Baltic’s John Thomas was a talented but troubled artist

Baltic’s John Thomas was a talented but troubled artist

Image Credit: Melissa Herrera

Photographer John William Henry Thomas was born in 1935 and lived in Baltic. His nondescript home held his eccentric presence, a force that filled each cluttered room. He placed his collected knickknacks on shelves where he could readily see them.

Stacks of his self-matted photographs were kept throughout the house, lined up like silent trees in a forest, and he handwrote snippets on the backs of them like liner notes on an LP. Thomas was an artistic photographer, capturing the world around him.

Thomas died in May at age 87, a man whose art was beloved by those who knew it but not always by the town he grew up in. He had several good friends and was loved by Coco the cat, who belonged to a neighbor but had claimed Thomas as her own.

“People didn’t like his art because they didn’t like him,” said J. Mark Miller, a friend and one of the executors of Thomas’ estate. “My wife took apart a piece to reframe. Behind it, John had written out an entire rant, then matted and framed it. He did that on a lot of his pieces.”

“When I first saw his work at an art festival, I was struck, wondering how so much emotion could be in one photograph. It just gob-smacked you with feeling,” his neighbor Donna McKinney said. “He told me he would wait for hours until the timing was right on any one photo or scene, and then he couldn’t take the picture. The man was photographing his own loneliness, the immensity of it. He has notes all over the house on how lonely he was.”

The house brims with his prints, but behind their beauty lies his sadness.

Jackie Buck was Thomas’ best friend. After she and her husband made a move to Ohio for a new position, Buck started working at the Holiday Inn.

“John was a customer at the hotel restaurant,” Buck said. “He would come in every morning for breakfast and come back for dinner.”

Buck and her husband became fast friends with Thomas, but after they moved to another state, they lost touch with him. Buck reconnected with him after her husband died, and they remained close friends. She has spent many hours organizing the disarray Thomas left behind.

Thomas began setting up at local art shows and monetizing his art after meeting a woman named Sylvia, who took one look at his photos and told him they were too good not to be seen. This also led to other opportunities like a fascinating tidbit of Thomas’ trivia that included the mini-series “Centennial.” Primarily filmed at Roscoe Village in Coshocton, it premiered on TV in 1978. Thomas became involved with the project, taking pictures onset. Those in charge of the mini-series could see through his exterior to the brilliance inside.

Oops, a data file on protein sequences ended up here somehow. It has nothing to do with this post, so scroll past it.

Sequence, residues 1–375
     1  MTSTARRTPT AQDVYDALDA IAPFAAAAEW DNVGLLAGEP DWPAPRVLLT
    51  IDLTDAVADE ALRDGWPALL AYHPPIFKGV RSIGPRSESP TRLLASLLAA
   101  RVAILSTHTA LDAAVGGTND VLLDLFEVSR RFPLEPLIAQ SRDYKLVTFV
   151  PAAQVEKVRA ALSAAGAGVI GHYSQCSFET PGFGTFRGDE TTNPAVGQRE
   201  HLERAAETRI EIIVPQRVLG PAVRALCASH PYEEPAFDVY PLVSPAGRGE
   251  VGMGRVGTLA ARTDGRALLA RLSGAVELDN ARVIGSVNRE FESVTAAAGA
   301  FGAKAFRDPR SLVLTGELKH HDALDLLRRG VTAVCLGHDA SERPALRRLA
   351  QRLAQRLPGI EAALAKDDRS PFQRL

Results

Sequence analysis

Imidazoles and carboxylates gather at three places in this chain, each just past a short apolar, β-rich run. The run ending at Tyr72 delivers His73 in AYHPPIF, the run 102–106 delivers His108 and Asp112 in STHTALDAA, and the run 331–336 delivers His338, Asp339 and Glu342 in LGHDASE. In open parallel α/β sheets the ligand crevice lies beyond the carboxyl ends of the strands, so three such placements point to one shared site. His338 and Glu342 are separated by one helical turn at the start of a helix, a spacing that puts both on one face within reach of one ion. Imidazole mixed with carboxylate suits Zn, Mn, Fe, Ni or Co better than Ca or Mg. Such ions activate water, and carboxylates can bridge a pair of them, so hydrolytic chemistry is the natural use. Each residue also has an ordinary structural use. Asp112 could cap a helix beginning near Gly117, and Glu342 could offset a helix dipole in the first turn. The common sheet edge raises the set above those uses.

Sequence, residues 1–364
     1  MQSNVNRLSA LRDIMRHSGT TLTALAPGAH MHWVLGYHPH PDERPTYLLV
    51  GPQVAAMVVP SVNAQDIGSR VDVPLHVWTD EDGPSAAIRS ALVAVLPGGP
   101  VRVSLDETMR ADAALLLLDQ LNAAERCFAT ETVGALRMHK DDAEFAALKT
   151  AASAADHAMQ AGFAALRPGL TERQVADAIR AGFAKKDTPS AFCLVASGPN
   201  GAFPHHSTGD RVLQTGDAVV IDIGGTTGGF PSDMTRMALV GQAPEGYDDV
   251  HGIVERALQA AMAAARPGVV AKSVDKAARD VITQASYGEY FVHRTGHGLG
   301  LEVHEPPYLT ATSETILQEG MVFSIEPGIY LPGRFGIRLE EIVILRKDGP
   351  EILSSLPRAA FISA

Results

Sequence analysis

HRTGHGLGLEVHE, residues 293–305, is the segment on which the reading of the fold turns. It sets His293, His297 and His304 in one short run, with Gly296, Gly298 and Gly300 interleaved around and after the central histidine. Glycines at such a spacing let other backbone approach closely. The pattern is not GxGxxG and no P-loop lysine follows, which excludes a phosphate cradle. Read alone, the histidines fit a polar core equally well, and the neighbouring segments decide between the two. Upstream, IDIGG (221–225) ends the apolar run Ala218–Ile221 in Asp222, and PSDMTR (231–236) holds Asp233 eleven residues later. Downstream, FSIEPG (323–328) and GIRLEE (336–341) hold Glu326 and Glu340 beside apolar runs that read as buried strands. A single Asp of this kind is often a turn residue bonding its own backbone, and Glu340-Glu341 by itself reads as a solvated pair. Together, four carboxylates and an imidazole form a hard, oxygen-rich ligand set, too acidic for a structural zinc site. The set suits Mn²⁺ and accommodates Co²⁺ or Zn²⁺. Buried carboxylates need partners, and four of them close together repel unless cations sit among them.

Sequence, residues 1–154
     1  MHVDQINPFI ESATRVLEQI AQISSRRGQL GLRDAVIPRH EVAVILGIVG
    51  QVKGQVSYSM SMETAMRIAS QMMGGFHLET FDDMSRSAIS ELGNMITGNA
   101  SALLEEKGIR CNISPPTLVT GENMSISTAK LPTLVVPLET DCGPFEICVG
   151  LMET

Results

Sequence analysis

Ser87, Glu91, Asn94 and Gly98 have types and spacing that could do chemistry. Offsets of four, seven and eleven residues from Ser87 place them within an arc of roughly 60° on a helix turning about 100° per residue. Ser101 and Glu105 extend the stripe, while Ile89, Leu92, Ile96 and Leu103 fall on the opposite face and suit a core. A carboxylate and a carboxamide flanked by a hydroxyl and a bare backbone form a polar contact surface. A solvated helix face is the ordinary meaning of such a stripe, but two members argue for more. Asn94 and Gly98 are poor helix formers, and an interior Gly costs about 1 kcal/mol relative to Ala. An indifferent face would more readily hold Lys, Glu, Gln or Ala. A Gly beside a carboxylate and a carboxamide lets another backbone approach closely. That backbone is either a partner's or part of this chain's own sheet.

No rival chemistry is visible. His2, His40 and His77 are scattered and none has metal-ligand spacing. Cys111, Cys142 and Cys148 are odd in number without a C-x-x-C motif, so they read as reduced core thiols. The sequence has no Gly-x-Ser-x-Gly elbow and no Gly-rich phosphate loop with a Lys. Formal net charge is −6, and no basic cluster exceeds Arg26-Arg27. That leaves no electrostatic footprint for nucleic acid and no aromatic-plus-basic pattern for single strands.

There was a delicacy to Thomas’ photos, a story always attached. Buck tells the tale of a hazy picture of lacy curtains and a window in early morning.

“He was driving in New York or Pennsylvania and saw a barn he wanted to take a picture of,” she said. “He pulls over and gets out when a voice says, ‘What do you think you’re doing?’ And it was a little, old lady. He told her the barn had spoken to him, and he wanted a picture of it. They walked around taking pictures in the misty rain, and she told him she couldn’t let him go without pie and coffee. They talked for hours, and it got late. She brought him a blanket and said he could sleep on the couch. He took this picture in the morning inside that room.”

Thomas took photos of the Amish, always with permission, and the quality is unmistakable. “I thought he deserved a Pulitzer for them,” said Linda Senter, Thomas’ friend.

But after taking many photos of them, he decided his work was intrusive to their way of life and stopped photographing and monetizing them. Prior to that, George Voinovich selected a huge work to hang in the great room of the governor’s mansion when Voinovich held that post in Ohio.

Thomas was more than an eccentric man. He was hospitalized five times during his lifetime due to mental illness. In the ‘60s, the last time he was hospitalized, a doctor told him he didn’t think he belonged there but couldn’t free him. A plan was hatched for him to run away. The law then said if an escapee from a mental institution could fend for himself for three days, he was home free. The escape was well planned with a guard leaving a door open for him and a hidden stash of cash. Thomas slipped away into the night.

History gives glimpses into tortured artists who tried to push through the veil of their loneliness and mental disease. Thomas could be filed into this category, but despite his solitary state, he never stopped making art.

In his later years, he remained obstinate. He had an old truck that sat ramshackle in his yard, rusting away in violation of city ordinance. Instead of having it towed away, he had the front of the old truck taken off and attached it to the front of his house, where it remained for many years.

Spirituality can exist on many levels, and Thomas found his inside the lens of a camera.

“He was always a spiritual man, not just in the last months of his life,” Senter said. “I think he had a reckoning in these last years that brought it to the forefront. He had some good men that never gave up on him.”

Thomas, upon his death, did not want his art simply sold off at sale. He wanted it to go to people who cared about the meaning behind it. It hasn’t been decided what will happen with his vast repertoire of photography, and for now it sits silently in his house.

“My only goal is that I want his work to be seen,” Senter said. “I want his work to be known.”